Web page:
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Dr. Slamon's Perspective

UCLA Medicine Fall 2009-Dr Dennis SlamonWHEN THE U.S. FOOD & DRUG ADMINISTRATION approved the use of Herceptin to treat advanced breast cancer 11 years ago, Dennis Slamon, M.D., predicted that the new therapy would someday become one arrow in a quiver of molecularly focused drugs that target tumor cells, while leaving healthy cells alone. It appears that he was right.

Dr. Slamon has a good vantage point from which to view recent developments. His research at UCLA directly led to the development of Herceptin, and has earned him worldwide recognition, including more than two-dozen national and international awards. Today, Herceptin is accepted as the standard of care for the 20 percent of women with breast cancer who have the HER2 mutation. And Dr. Slamon is confident that new treatments deriving from clinical trials now underway will offer even more potent therapies. “The one-size-fits-all approach for the major cancers, including and especially for breast cancer, was not as effective as it could have been,” says Dr. Slamon, who is the director of clinical/translational research at UCLA’s Jonsson Comprehensive Cancer Center. “What we’ve been doing here is trying to design therapies very specifically for what’s driving the cancer and develop something that is more effective and less toxic.”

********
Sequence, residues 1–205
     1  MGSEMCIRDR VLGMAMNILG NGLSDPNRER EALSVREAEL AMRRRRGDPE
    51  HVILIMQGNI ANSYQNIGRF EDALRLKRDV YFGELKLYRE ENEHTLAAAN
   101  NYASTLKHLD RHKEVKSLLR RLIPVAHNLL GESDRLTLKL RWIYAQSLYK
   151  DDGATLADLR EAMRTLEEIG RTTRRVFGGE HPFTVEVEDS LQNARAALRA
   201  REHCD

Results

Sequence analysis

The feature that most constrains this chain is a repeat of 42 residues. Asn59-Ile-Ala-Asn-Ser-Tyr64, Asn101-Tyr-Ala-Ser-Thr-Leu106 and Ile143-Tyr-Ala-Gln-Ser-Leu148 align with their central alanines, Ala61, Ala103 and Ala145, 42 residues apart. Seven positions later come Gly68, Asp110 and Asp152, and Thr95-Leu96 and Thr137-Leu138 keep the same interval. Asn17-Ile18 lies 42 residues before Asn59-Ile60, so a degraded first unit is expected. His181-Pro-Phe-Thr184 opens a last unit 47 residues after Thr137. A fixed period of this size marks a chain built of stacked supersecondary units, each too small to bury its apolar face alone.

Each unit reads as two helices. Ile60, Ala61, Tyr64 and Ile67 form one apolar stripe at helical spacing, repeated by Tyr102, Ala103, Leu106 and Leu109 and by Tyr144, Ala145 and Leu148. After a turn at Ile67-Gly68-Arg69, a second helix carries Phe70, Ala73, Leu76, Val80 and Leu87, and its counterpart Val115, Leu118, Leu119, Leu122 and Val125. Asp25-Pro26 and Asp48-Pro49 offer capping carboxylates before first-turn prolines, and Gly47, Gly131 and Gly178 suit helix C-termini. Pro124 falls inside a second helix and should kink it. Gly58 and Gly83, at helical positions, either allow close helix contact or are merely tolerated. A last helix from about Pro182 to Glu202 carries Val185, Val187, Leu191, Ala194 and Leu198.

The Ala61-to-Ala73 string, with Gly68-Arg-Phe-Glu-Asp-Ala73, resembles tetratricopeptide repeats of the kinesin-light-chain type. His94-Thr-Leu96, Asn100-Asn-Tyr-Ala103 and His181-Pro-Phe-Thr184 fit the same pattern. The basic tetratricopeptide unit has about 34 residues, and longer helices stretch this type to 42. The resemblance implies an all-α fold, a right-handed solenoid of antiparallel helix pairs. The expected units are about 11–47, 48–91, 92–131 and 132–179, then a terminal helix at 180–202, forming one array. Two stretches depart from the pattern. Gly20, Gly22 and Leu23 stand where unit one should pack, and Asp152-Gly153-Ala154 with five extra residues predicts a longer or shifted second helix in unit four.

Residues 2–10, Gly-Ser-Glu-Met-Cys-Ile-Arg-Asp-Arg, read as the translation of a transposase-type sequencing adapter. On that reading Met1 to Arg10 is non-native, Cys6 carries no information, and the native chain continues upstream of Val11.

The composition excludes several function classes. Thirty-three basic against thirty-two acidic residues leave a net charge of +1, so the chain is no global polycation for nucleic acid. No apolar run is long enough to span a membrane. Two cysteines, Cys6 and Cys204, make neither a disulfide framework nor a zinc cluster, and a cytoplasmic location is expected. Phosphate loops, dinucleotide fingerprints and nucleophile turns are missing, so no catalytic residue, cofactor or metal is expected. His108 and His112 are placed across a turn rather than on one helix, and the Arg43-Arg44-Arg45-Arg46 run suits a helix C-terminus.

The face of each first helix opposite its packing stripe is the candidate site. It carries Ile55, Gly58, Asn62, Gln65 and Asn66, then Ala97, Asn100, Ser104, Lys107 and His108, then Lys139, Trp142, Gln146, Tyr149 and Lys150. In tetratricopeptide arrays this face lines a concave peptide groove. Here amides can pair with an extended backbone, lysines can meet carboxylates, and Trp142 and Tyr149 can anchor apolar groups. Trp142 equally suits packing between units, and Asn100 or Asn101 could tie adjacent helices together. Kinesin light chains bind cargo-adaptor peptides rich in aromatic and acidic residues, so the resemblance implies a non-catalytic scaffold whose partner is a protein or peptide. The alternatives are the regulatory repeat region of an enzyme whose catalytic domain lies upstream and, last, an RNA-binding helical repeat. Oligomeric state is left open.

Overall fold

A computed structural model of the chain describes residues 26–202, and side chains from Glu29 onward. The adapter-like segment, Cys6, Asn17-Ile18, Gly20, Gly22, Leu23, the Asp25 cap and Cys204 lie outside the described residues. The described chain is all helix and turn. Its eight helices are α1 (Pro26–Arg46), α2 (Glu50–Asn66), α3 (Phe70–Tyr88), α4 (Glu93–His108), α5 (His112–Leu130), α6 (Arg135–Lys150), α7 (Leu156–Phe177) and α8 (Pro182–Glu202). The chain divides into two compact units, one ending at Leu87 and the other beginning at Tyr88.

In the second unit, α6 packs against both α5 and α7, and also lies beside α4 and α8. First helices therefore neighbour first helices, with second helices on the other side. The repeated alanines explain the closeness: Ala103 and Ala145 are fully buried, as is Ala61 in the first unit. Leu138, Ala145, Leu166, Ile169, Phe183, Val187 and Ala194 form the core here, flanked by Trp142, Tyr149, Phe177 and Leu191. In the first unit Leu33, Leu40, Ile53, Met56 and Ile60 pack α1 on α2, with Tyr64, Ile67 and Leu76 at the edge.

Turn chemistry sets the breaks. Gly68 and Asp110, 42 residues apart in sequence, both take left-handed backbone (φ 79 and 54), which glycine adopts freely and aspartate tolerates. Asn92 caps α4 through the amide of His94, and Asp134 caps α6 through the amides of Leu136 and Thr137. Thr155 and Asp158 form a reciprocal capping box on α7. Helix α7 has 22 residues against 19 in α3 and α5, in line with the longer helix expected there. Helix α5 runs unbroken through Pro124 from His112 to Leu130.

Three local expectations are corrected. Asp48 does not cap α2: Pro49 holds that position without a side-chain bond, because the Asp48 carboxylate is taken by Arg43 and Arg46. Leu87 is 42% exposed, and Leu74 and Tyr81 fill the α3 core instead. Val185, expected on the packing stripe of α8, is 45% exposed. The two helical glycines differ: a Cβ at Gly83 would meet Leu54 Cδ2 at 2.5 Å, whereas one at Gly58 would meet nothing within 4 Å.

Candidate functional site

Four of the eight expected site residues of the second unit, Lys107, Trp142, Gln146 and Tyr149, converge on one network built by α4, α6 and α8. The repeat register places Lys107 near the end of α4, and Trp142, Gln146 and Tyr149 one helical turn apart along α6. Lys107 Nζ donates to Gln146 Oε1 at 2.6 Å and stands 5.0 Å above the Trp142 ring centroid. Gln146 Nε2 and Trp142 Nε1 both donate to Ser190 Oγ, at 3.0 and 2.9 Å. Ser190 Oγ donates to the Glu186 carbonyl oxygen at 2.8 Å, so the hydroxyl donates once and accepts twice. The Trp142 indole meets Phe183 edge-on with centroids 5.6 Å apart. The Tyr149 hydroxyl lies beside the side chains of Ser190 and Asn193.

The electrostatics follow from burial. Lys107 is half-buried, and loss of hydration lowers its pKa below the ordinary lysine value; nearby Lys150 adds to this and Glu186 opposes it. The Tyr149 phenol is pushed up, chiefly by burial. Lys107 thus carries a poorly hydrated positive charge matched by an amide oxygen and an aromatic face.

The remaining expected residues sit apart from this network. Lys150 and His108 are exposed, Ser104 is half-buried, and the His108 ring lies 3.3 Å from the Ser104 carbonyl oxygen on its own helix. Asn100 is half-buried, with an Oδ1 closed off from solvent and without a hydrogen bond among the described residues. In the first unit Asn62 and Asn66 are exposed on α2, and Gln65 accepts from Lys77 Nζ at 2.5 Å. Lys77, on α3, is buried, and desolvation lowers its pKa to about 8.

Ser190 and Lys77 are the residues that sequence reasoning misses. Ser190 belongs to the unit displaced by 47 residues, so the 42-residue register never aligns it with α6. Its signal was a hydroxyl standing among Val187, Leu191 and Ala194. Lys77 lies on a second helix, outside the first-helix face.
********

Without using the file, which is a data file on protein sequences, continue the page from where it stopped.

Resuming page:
In the 11 years since it was approved, Herceptin has been tested against breast cancer in clinical trials with different chemotherapy combinations. In two studies, one pairing Herceptin with Avastin, a drug that attacks tumors by inhibiting the growth of new blood vessels, and one combining it with an inhibitor of the epidermal growth factor receptor, Tarceva, chemotherapy was removed from the mix entirely. And Herceptin is currently being tested in a large international trial paired with chemotherapy and Avastin.

In early-stage breast cancer trials, Herceptin paired with chemotherapy significantly increased disease-free survival time. The study also tested Herceptin with a chemotherapy combination that eliminated Adriamycin, an anthracycline that is commonly used to treat breast cancer but which, when used with Herceptin, can cause heart damage. That altered regimen also significantly improved disease-free survival.

Oncologists have been reluctant to remove Adriamycin from their arsenal, but Dr. Slamon says that his study definitively proved it is possible to get the same result without it, which may lead to yet another paradigm shift in treatment for breast cancer.

The Herceptin-Avastin and Herceptin-Tarceva studies also have been promising. But UCLA oncologists are most excited to see results from the large international study.

Ultimately, Dr. Slamon says, “we hope these studies will lead to another very effective treatment option for women with breast cancer.”

 





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